There's more than one way to crack an egg. In this case, we crackled some eggs. Traditional Chinese tea eggs, or marbled eggs, sparked an idea for us. We love, love, love decorating Easter eggs. Making these tea eggs is a simple way to create a little work of art that you can eat too. We've all had fun with pastel dye kits and slathering eggs in glue and glitter. But honestly, it's kind of hard to keep every speck of glitter out when you repurpose those artistic creations into an egg salad.
In China, tea eggs are a snack available from vendors as fast food at night markets or made at home and often eaten for breakfast. They are prepared by simmering hardboiled eggs (with cracked shells) in black tea, soy sauce and Chinese five spice powder (cinnamon, star anise, fennel seeds, cloves and peppercorns). The flavor of the liquid is infused into the egg through the cracks, and imprints these stunningly intricate patterns onto the egg whites.
Hmmm, if black tea works, what about other flavors of tea? We tried a lot of variations, even some herbal teas that imparted more subtle results of color and flavor. After eating many eggs (and needing to begin a new exercise regime), our favorite is the version we're sharing here, made with chai tea from a special local teamaker.
The chai tea eggs produced a delicately infused combination of clove, pepper, ginger and cardamom. This Indian tea is just a slight departure from the flavor profile that is traditional to the Chinese tea eggs. We also added soy sauce, like the original, for a bit of caramel saltiness to round out the spices. Since it's a portable little protein bomb we think it's a great snack for packing in lunch boxes or when traveling.
Any normal person would leave well enough alone. But why not take these beautiful little eggs one step farther? With a continuation of Asian flavors and a nod to Japanese cuisine, you can prepare deviled tea eggs with a wasabi filling. The herbal warmth from the wasabi that fills your chest and head is like an exclamation mark at the end of a well-stated sentence. Besides, you'll notice when the yolk of your tea egg is revealed, there can be a greenish ring around it. This occurs from cooking the eggs longer than you would for hardboiled. Mash the yolks with wasabi paste and the rings disappear.
We think it's so pretty on the outside that the inside should be too. Ours are garnished with chives, paprika and nigella seeds (also known as black caraway, with a slightly oniony, pungent flavor). You might try a sliver of pickled ginger with fish roe, a few tender bean sprouts, a thin slice of avocado...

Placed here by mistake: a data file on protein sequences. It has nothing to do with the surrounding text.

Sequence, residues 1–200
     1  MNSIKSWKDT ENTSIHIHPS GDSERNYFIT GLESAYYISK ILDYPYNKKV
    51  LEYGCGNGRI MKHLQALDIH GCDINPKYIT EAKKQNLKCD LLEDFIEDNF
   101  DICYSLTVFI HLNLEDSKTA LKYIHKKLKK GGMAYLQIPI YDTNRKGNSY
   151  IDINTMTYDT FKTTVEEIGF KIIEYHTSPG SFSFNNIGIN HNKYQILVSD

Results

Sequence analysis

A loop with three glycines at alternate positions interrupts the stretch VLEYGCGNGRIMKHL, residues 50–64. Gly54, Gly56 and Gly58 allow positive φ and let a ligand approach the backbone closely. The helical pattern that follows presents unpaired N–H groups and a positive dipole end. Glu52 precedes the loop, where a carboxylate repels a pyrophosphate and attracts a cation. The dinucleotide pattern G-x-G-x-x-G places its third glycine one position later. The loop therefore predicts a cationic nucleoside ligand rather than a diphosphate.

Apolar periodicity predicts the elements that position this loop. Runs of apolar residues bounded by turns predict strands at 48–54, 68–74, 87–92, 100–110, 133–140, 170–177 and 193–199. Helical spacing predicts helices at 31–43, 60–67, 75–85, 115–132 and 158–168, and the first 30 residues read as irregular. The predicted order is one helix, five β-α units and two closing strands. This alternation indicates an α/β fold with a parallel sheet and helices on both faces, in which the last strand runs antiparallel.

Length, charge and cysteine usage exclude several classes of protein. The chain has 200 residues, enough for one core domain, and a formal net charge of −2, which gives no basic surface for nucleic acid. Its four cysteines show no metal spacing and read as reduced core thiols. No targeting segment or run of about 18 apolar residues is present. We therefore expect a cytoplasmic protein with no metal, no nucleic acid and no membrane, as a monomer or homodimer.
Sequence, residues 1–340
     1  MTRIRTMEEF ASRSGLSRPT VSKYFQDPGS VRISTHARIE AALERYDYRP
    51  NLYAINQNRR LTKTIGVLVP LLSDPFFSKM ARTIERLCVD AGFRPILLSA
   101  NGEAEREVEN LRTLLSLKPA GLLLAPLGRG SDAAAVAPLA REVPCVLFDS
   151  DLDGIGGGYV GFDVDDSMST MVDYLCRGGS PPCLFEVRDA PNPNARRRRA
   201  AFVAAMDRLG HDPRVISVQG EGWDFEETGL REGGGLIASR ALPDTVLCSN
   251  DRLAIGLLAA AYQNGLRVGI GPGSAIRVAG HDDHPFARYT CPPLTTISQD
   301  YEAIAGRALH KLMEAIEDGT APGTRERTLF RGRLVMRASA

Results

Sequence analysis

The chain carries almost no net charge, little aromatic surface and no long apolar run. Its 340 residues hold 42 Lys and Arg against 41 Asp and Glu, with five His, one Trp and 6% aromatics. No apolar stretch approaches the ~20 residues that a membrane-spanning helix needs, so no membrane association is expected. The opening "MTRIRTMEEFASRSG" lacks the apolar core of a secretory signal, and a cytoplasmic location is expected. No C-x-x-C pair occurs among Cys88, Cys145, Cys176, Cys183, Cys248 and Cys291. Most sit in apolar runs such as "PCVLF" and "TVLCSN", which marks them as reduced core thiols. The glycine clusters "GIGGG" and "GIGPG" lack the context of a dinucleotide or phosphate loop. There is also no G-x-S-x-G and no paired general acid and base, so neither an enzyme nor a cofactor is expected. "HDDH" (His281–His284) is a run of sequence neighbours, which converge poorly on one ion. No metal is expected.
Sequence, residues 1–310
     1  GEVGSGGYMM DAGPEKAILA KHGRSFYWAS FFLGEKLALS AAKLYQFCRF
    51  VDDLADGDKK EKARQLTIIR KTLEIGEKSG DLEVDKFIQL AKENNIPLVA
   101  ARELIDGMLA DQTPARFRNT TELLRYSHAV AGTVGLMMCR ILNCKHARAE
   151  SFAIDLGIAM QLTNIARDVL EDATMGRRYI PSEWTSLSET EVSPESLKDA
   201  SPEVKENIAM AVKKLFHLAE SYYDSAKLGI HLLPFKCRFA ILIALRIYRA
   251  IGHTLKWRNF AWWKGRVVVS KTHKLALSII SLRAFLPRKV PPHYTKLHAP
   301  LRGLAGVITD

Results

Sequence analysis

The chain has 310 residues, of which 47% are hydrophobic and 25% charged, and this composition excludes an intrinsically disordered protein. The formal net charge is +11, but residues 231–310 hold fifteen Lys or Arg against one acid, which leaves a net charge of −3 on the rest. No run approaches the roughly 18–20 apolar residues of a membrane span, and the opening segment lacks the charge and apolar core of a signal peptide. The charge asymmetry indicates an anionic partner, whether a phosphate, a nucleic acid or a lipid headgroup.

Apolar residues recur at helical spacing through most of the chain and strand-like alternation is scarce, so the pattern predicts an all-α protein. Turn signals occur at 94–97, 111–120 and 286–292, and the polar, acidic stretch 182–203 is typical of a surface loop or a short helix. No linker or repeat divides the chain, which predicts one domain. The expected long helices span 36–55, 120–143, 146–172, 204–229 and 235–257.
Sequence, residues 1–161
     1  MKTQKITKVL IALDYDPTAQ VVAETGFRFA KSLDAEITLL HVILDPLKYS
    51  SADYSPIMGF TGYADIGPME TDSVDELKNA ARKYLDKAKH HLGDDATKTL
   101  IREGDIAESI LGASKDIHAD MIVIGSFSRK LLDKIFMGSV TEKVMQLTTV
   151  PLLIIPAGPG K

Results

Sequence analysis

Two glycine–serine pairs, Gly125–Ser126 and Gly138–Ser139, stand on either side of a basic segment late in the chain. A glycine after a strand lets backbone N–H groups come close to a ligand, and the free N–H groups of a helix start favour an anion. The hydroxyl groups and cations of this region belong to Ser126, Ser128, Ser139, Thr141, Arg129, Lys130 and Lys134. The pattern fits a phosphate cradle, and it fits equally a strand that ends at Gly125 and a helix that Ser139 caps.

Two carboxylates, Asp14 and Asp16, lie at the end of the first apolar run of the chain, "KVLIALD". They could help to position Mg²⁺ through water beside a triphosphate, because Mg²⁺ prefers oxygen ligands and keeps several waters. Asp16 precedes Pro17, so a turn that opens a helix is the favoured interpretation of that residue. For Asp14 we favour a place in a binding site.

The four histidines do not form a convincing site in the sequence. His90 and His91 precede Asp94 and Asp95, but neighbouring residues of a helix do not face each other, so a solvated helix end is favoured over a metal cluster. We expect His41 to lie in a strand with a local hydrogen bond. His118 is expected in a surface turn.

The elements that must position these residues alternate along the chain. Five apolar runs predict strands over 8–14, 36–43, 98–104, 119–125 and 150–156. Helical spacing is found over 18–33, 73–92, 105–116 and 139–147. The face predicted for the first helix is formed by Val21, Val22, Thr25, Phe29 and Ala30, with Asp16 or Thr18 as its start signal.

Asian-Infused Deviled eggs
(Makes 6 whole eggs or 12 appetizer bites)
What does the devil have to do with eggs? In the 19th century, deviling food became a term used to describe the process of making food spicy. Since the filling is spicy, these were dubbed deviled eggs.
2 chai tea bags
2 Tbsp soy sauce
4 cups water
1/4 cup mayonnaise
1-2 tsp wasabi paste
1 tsp rice wine vinegar
salt and pepper to taste
chives, scallions, black sesame or nigella seeds, fish roe, pickled ginger, avocado, paprika, turmeric powder
Gently place eggs in a medium sauce pan and cover eggs with cold water. Bring to a boil, put a lid on the pan, and turn off heat. Allow the eggs to steep for 5 minutes. Remove eggs with a slotted spoon and allow them to cool for several minutes until cool enough to handle. Drain the water from the pan.
Gently tap the end of each egg on the counter to crack the shell. Continue to gently crack all the way around using the back of a spoon. It’s ok if small pieces break off. Be careful not to crack the shell off completely. Smaller cracks will produce a more intricate pattern.
In the same pan, combine tea bags, soy sauce and 4 cups water. Bring to a low simmer. Add the cracked eggs. If needed, add more water so that eggs are covered by about 1 inch. Continue simmering on low for 30 minutes. Remove from heat. Transfer eggs and liquid to a bowl. Allow to cool to room temperature, cover and refrigerate overnight. (Eggs can steep for up to 24 hours. After that, remove them from tea mixture and store them unpeeled in the refrigerator for up to 4-5 days.)
At this point, these tea eggs can be peeled and enjoyed as a tasty snack. But to prepare them as deviled eggs, slice each egg in half and scoop yolks into a small bowl. Using a fork, mash yolks until they look like very fine crumbs. Mix in mayonnaise, wasabi paste, rice wine vinegar, and salt and pepper to taste. Combine thoroughly. Use a pastry bag (or plastic bag with corner snipped off) to pipe the filling into the egg whites. Garnish as desired.